|Annie Leibovitz’s “Susan Sontag, Quai des Grands Augustins, Paris” (2002). (Annie Leibovitz from A Photographer’s Life 1990―2005)|
Photographer Annie Leibovitz is one of the rare photographers who can capture an ordinary moment in the middle of a dramatic setting, or the other way around.
The photograph of the naked John Lennon cuddling with his wife Yoko Ono, taken three hours before he was assassinated in 1980, was printed on the cover of Rolling Stone magazine and became an instant sensation because of its unusual composition and striking message.
Thirty-three years later, Leibovitz has became the queen of portrait photography, having worked with some of the most influential people in the world, including the Obama family, Leonardo DiCaprio, Hillary Clinton, Nicole Kidman, Angelina Jolie and the Queen of England.
Anna Wintour, the notorious, admired editor-in-chief of Vogue U.S., once said that Leibovitz is a fantastic photographer and that if she asked Nicole Kidman to be on the cover of Vogue Nicole might decline, but if she told her that Annie Leibovitz would take her pictures, she would rush to the Vogue office.
For the American photographer, the celebrities gladly take the risk of leaving their comfort zones: DiCaprio had a goose tied around his neck while Whoopie Goldberg had to dunk herself in a bathtub full of milk and Demi Moore posed nude while nine months pregnant, starting a trend of appreciation for the beauty of the pregnant body.
A total of 196 works taken between 1990 and 2005 by the 64-year-old photographer are now on display at the Hangaram Art Museum at Seoul Arts Center in southern Seoul.
This was the most critical period for Leibovitz. In 2001 she gave birth to a daughter with her same-sex lover, the international women’s rights scholar Susan Sontag. In 2004, Sontag died of complications of myelodysplastic syndrome which had evolved into acute myelogenous leukemia. Leibovitz had another twin through a surrogate in 2005.
The peacefulness of love and the pain of watching her partner’s struggle against illness is well-reflected in the photos. Sontag, who was a women’s rights and anti-war advocate, is pictured in Paris with esprit. The black-and-white portrait accentuates her eyes and lips, her sorrowful expression overshadowing the romantic atmosphere of the “city of love.”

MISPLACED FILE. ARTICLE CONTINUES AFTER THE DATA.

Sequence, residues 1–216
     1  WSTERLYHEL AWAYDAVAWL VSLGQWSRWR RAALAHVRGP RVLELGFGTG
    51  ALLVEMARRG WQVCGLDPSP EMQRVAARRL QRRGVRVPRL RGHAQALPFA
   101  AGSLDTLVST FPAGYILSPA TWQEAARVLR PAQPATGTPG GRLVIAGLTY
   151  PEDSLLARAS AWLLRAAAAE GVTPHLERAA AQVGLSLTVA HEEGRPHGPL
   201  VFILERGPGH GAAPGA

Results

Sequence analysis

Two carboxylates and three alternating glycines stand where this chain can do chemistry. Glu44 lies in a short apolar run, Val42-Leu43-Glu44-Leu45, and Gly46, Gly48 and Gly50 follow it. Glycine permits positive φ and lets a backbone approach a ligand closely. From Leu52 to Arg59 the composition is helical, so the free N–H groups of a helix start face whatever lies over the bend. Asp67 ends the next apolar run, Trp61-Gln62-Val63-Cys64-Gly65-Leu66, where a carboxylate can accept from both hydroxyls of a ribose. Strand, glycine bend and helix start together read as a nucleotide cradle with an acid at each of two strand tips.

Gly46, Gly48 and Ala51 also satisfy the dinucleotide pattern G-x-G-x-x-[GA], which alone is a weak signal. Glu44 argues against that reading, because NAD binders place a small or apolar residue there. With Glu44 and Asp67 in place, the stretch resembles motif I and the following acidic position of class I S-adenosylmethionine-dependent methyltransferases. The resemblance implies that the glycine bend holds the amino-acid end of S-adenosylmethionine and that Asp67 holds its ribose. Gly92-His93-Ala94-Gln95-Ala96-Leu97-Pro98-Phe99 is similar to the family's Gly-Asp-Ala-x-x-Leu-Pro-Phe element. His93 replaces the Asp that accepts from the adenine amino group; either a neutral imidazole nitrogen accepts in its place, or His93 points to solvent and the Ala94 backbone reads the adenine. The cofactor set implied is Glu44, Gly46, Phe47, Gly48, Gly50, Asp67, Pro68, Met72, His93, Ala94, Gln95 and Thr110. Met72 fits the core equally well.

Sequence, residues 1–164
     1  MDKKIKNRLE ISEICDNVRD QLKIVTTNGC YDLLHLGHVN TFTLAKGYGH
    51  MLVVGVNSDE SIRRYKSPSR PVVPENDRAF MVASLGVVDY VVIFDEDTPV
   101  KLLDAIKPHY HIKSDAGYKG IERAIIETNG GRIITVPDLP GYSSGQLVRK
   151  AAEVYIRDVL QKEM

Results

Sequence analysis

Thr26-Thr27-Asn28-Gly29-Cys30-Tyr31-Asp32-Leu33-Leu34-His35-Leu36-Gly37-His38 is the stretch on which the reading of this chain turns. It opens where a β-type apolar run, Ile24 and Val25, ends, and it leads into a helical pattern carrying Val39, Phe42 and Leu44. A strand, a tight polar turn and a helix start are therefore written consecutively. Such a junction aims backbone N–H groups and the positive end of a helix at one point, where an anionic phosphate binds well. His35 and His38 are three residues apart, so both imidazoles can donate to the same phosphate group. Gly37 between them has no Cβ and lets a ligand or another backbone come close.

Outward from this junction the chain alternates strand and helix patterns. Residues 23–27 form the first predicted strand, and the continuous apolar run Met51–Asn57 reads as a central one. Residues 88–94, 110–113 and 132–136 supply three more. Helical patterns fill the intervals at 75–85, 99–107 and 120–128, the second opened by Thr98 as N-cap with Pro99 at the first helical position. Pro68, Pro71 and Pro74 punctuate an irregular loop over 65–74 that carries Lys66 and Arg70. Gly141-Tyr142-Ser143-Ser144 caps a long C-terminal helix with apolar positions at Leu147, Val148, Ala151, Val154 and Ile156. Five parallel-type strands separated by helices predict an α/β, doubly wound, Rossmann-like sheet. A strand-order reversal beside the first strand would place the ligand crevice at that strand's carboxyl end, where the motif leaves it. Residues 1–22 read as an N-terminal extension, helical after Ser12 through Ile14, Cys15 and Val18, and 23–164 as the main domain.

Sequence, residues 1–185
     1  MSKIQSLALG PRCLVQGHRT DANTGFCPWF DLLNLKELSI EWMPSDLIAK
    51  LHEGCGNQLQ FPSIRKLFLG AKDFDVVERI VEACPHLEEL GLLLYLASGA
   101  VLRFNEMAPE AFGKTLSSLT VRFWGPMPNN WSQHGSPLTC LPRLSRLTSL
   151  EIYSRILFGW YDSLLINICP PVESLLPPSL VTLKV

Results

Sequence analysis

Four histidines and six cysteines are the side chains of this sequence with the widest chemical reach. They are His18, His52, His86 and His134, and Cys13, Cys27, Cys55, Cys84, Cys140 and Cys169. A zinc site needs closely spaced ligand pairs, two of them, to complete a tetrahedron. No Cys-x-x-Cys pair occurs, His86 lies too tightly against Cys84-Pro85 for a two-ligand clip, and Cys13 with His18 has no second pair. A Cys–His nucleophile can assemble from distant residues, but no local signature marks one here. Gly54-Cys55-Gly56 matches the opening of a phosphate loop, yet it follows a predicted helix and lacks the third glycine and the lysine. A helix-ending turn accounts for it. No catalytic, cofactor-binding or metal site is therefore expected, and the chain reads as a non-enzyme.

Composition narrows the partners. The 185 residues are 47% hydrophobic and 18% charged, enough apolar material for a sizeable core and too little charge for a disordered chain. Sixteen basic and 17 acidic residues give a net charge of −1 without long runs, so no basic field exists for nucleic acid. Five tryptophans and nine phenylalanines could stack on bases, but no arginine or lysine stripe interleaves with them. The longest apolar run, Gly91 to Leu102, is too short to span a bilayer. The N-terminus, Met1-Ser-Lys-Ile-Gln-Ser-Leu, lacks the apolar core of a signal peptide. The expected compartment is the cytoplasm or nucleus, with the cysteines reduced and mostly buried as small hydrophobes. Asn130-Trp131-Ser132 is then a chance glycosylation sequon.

Another picture, where Leibovitz poses with her children, is a perfect 21st century adaption of the Renaissance-era family portrait. In an interview with a Korean magazine, the photographer admitted that she carries a small camera with her all the time and that the children are tired of being the subjects of her photography. But in one picture the angelic children pose with the Earth-Motherly Leibovitz as she wears a laid-back smile.
|Annie Leibovitz at home with her children, Samuelle, Sarah and Susan (and their dog, Lola), in Rhinebeck, New York, 2012 (Photograph by Nick Rogers, © Annie Leibovitz)|
Leibovitz planned to visit Seoul for her exhibition, which started on Dec. 7, but canceled at the last minute. Through her interview with the Korean press, she expressed her interest in putting President Park Geun-hye in front of her viewfinder. “It will be nice, right?” said Leibovitz, who has already photographed Carla Bruni, Hillary Clinton, George Bush and the Obama family.
“Annie Leibovitz: A Photographer’s Life 1990-2005” runs until March 4. For more information visit www.annieleibovitz.co.kr.
By Bae Ji-sook (firstname.lastname@example.org)